Brickmaker Ibstock boosted by increased housebuilder demand and weak sterling

 
Oliver Gill
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Ibstock is the UK's largest brickmaker and seen as a bellwether for the housebuilding sector (Source: Getty)

Ibstock shares opened broadly flat this morning after announcing earnings would be in line with forecasts, with sales supported by strong second half demand the company said in its annual trading update.

The figures

The hard data is to come but the firm's trading update for the year to the December, today trailed the headlines.

Group revenue for the year is expected to be five per cent more than the previous year.

UK brick sales increased by two per cent but the firm's US arm fared much better, up four per cent on like-for-like terms but given a big boost by US currency movements - it was up 18 per cent in actual terms.

Read more: Brickmaker Forterra boosted by high housebuilder demand in late 2016

Net debt declined despite "significant spend" on major projects previously announced during the year.

Why it's interesting

Brickmakers can be seen as a bellwether for the housebuilding sector – the logic is fairly straightforward, if more bricks are being sold, they are likely to be used to build more houses.

And despite housebuilders taking a stockmarket hammering in the immediate aftermath of the Brexit vote, in the second of 2016, the demand for bricks grew. Ibstock said in its trading update:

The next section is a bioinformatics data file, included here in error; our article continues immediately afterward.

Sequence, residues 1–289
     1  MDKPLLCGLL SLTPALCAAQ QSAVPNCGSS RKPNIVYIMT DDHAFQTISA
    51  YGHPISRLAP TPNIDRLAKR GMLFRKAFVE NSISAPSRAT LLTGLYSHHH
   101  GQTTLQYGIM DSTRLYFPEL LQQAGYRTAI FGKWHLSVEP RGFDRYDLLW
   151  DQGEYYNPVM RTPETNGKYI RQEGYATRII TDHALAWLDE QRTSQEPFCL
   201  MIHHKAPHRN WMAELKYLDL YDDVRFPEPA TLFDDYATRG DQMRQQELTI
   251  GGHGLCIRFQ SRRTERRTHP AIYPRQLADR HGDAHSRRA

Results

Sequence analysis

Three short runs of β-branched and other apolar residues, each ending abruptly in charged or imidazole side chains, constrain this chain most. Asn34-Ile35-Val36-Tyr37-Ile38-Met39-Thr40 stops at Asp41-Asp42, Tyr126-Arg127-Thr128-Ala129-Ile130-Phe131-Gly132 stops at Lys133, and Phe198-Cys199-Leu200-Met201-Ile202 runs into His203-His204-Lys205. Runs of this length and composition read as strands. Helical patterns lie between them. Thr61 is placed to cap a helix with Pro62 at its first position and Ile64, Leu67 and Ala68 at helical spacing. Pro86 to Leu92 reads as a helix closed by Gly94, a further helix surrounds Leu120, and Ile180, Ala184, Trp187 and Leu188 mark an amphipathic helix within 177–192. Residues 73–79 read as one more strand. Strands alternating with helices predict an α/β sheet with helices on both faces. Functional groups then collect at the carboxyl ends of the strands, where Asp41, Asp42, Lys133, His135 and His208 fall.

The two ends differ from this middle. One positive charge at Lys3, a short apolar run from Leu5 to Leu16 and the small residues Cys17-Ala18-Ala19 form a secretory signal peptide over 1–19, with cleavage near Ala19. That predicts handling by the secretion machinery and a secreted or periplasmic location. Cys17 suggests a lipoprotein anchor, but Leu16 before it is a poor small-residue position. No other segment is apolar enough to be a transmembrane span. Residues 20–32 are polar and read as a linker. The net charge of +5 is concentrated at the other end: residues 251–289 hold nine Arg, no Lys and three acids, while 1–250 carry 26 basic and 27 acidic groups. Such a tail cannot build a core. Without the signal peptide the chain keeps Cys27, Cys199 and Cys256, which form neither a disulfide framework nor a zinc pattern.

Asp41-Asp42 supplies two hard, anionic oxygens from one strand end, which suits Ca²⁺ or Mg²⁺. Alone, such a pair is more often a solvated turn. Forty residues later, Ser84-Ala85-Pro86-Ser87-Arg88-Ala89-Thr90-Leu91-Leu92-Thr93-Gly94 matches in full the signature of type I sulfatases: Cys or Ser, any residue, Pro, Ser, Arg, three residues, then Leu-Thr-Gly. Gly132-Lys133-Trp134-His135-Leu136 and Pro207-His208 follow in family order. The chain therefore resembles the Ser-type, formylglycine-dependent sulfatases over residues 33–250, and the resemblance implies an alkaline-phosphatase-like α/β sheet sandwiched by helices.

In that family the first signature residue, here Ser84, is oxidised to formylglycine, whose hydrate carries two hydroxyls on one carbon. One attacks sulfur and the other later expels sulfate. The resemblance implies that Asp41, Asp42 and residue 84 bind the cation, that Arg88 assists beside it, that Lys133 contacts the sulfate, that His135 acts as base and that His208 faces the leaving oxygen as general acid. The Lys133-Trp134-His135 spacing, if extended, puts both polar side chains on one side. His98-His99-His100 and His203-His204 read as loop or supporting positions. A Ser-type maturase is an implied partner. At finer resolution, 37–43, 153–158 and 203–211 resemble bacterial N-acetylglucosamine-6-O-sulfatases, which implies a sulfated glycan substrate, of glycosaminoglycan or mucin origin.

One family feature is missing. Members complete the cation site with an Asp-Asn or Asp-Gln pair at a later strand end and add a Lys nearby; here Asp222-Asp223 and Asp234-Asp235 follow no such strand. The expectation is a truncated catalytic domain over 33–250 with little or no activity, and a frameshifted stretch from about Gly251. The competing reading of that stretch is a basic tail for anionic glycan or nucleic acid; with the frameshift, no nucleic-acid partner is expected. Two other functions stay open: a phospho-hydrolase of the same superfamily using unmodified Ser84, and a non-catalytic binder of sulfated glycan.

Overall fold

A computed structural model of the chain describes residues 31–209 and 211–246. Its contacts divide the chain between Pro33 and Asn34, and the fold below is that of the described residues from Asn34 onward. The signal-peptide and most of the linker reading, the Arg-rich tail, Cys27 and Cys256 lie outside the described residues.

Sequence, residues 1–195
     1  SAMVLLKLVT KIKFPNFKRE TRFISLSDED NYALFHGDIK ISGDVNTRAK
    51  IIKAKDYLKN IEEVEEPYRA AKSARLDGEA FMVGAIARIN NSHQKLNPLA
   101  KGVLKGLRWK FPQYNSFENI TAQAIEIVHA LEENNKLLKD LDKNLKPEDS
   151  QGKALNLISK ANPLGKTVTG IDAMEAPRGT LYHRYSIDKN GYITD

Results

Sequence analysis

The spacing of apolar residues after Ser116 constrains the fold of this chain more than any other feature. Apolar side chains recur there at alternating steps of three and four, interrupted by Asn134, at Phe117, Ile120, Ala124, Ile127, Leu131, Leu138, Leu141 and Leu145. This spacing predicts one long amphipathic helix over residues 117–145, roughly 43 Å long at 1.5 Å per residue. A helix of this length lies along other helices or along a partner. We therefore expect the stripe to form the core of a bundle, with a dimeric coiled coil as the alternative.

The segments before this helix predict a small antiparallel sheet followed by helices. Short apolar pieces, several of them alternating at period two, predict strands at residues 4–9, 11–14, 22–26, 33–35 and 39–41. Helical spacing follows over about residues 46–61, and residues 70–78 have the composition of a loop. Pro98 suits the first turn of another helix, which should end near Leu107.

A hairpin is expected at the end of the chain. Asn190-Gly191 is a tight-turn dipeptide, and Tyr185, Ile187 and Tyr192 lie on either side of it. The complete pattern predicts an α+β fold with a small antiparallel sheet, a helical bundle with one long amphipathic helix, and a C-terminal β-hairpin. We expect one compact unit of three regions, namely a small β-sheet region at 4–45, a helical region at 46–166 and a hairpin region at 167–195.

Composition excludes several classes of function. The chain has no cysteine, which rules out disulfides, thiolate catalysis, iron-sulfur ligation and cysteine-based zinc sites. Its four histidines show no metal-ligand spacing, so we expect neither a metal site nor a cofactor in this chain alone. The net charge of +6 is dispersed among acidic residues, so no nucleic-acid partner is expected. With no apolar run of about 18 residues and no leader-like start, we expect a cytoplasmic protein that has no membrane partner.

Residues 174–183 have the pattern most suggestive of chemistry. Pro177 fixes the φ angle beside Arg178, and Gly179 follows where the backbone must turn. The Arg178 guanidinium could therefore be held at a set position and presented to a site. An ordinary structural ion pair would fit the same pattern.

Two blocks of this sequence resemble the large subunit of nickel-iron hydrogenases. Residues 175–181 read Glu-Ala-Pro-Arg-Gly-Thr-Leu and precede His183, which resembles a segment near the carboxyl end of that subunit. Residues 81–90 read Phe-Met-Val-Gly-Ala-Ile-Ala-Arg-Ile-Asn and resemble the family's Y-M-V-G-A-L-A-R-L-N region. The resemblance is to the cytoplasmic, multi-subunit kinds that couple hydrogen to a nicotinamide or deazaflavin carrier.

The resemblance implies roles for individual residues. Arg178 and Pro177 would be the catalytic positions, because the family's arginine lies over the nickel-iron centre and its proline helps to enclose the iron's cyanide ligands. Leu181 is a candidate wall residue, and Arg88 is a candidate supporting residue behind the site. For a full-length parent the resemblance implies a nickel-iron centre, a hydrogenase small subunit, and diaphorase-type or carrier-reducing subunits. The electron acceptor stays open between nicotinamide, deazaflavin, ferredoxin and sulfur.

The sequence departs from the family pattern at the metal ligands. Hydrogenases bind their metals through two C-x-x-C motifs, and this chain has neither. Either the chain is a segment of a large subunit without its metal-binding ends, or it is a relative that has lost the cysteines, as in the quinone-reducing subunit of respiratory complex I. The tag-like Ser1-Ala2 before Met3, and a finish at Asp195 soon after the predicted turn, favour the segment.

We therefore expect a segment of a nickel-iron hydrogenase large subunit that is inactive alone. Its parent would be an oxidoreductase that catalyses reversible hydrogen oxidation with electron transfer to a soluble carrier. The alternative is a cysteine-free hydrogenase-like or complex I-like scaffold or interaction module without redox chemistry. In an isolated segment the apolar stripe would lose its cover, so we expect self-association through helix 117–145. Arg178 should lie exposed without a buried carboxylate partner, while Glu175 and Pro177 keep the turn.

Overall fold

Growing house builder activity supported a stronger second half and national brick imports declined significantly over the year.

As previously announced and in a the common trend, Ibstock is closing its defined benefit pension scheme.

Read more: Building firms hit brick wall as cost of materials keeps on rising

Giving the market some certainty for the year to come, the firm said it had locked in 2017 price negotiations and these were within expectations.

What analysts said

During 2016, sterling's slump helped British brickmakers like Ibstock. Gavin Jago, an analyst at Peel Hunt highlighted that UK housebuilders were more likely to buy bricks from British firms. He said:

Trading in the UK was stronger in the second half with brick volumes for the full year ahead of 2015. This was helped by lower brick imports which declined significantly after the movement in the sterling exchange rate after the EU Referendum.

Read more: Forterra cements cash returns

With 2017 prices lock and loaded, the other variable that will define Ibstock's fate is the number of bricks it can sell. Jago was pretty punchy with his predictions for 2017: "We expect further volume growth in 2017 to be supported by increased housebuilding activity."

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